Understanding Your Circuit Breaker

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Understanding Your Circuit Breaker

Staff Writer · Apr 15, 2010

Circuit breakers are there to protect you from overloading your wiring by drawing too much power. The breaker measures the amount of power going through that circuit and pops if the load exceeds that of the designated amount. Optimizing your household electricity is easy once you understand how it all works.

What You Are Looking At

Each breaker will usually have a number on the switch. In most cases it is either 20, 15 or 10. These numbers indicate the number of amps each circuit will hold. If you look at the information on any appliance or bulb, you will find out how many watts each item draws. To translate the two together, multiply the number of amps a circuit can hold by the voltage flowing through it. Most United States circuits will run at 120 volts. You may have a few breakers that run at 240 volts, but we will get to those later. For now, understand that a 20 amp circuit will hold 2400 watts.

Tracking Your Power

Now you need to find out what outlets each circuit corresponds to. If you have any 240 volt breakers, they are usually much bigger than the 120 volt ones. It is easy to find where these lead because the outlets do not look like regular outlets. They are normally near the fridge or laundry room where there is likely to be high power machinery. The 120 volt breakers will be more difficult to trace. Start by turning on all your lights and any other electronics. Now, flip one of the breakers and track down which light has gone off.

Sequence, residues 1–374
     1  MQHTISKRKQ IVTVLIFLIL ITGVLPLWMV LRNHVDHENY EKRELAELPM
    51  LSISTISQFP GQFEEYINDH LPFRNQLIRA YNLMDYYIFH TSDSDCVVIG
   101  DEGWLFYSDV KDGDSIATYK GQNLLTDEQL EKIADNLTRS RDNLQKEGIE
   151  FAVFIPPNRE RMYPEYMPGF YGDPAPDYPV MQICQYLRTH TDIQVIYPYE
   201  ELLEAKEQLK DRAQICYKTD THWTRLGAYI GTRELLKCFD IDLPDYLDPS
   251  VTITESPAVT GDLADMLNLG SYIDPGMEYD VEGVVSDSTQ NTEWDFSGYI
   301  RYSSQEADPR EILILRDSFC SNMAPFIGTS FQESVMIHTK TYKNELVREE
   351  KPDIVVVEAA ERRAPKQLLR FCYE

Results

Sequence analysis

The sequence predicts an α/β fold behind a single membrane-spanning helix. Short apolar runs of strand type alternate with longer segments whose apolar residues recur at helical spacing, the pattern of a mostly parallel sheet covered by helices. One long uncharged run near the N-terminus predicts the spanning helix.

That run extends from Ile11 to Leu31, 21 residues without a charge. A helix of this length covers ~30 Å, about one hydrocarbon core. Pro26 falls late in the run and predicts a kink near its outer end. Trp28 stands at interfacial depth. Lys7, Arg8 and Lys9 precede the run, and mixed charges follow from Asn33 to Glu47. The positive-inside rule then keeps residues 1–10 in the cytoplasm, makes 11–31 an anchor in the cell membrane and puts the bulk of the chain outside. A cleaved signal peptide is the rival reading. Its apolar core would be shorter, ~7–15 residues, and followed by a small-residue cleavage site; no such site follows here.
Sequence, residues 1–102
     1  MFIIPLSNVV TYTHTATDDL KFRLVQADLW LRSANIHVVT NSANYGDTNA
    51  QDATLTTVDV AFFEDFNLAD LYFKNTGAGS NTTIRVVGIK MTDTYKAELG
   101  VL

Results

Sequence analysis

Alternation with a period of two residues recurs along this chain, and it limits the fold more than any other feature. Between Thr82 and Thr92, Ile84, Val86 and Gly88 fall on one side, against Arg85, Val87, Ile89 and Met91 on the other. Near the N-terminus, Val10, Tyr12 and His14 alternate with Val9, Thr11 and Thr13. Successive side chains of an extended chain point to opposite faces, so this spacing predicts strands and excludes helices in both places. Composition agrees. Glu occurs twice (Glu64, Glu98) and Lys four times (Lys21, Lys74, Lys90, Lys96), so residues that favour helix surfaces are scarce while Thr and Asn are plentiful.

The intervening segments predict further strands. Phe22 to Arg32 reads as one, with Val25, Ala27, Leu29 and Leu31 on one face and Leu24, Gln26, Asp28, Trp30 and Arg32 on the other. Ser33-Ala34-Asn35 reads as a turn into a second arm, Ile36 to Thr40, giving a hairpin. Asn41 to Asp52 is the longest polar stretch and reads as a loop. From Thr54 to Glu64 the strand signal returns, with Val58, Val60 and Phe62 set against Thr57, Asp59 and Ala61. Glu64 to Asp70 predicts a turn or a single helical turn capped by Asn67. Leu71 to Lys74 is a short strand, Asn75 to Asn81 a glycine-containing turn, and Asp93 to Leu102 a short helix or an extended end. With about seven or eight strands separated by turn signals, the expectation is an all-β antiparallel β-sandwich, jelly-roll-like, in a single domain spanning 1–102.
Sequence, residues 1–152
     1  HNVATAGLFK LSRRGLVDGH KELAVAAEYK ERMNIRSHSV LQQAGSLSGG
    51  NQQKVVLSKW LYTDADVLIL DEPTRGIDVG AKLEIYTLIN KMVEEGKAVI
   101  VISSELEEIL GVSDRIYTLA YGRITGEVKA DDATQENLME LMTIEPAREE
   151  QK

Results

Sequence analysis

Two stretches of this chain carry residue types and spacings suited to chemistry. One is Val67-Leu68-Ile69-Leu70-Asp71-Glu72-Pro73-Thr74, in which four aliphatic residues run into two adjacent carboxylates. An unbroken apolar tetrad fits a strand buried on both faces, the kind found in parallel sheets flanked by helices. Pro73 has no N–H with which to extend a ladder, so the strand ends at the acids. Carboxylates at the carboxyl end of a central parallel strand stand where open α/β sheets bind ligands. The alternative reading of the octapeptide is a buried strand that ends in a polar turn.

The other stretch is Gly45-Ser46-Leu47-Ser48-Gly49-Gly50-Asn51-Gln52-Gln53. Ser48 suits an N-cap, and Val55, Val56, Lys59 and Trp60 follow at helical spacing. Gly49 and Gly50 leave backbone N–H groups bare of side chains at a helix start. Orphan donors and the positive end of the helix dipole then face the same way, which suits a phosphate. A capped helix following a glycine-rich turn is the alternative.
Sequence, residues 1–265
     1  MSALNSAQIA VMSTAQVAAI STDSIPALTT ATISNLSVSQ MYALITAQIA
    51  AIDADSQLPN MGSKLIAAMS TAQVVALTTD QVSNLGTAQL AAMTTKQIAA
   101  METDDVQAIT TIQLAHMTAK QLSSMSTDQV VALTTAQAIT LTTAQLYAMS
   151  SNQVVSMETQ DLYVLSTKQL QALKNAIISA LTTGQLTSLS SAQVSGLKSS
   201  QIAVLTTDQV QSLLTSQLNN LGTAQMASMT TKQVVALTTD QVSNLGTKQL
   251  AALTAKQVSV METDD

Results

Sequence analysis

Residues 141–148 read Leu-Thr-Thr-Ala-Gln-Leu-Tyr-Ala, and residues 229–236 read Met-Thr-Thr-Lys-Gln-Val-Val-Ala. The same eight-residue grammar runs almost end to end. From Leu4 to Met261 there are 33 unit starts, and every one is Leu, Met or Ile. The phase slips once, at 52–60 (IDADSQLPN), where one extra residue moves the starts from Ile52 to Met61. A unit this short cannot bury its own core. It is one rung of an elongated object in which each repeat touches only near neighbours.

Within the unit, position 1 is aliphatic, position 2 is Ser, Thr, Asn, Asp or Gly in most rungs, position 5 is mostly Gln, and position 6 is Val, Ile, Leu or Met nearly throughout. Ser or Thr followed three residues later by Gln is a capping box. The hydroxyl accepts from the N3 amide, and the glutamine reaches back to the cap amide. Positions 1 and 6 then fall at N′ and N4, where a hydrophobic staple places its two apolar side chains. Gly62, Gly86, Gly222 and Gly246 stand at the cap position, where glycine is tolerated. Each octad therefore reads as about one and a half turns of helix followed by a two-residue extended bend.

You may only have one lamp to test all your outlets with, but this will not make it as tedious as you think. Understand that electricity is run through the walls. Generally, electricians will want to save themselves some work by running as little cable as possible. So, all the outlets on both sides of a given wall will probably lead to the same breaker. If the apartment has been heavily remodeled several times, then the case may be different. But, assuming this will most likely shorten the process.

Using Your Knowledge

Now that you know where each breaker leads and how to determine what it will hold, you can distribute your appliances and lamps accordingly. In case you do pop a breaker, do not worry, it is not dangerous. Simply reroute one of the items that is plugged into that line. When you look at your breakers, the one that has popped will be in the middle position. You will need to first switch it to the off position then back to the on position in order to reset it. Everything should come back on.

Hopefully you can now get the electricity in your household to run more efficiently. Or, if you were never having power problems in the first place, at least now you know how it all works. Mapping out your breakers is never a bad idea if you have some spare time.

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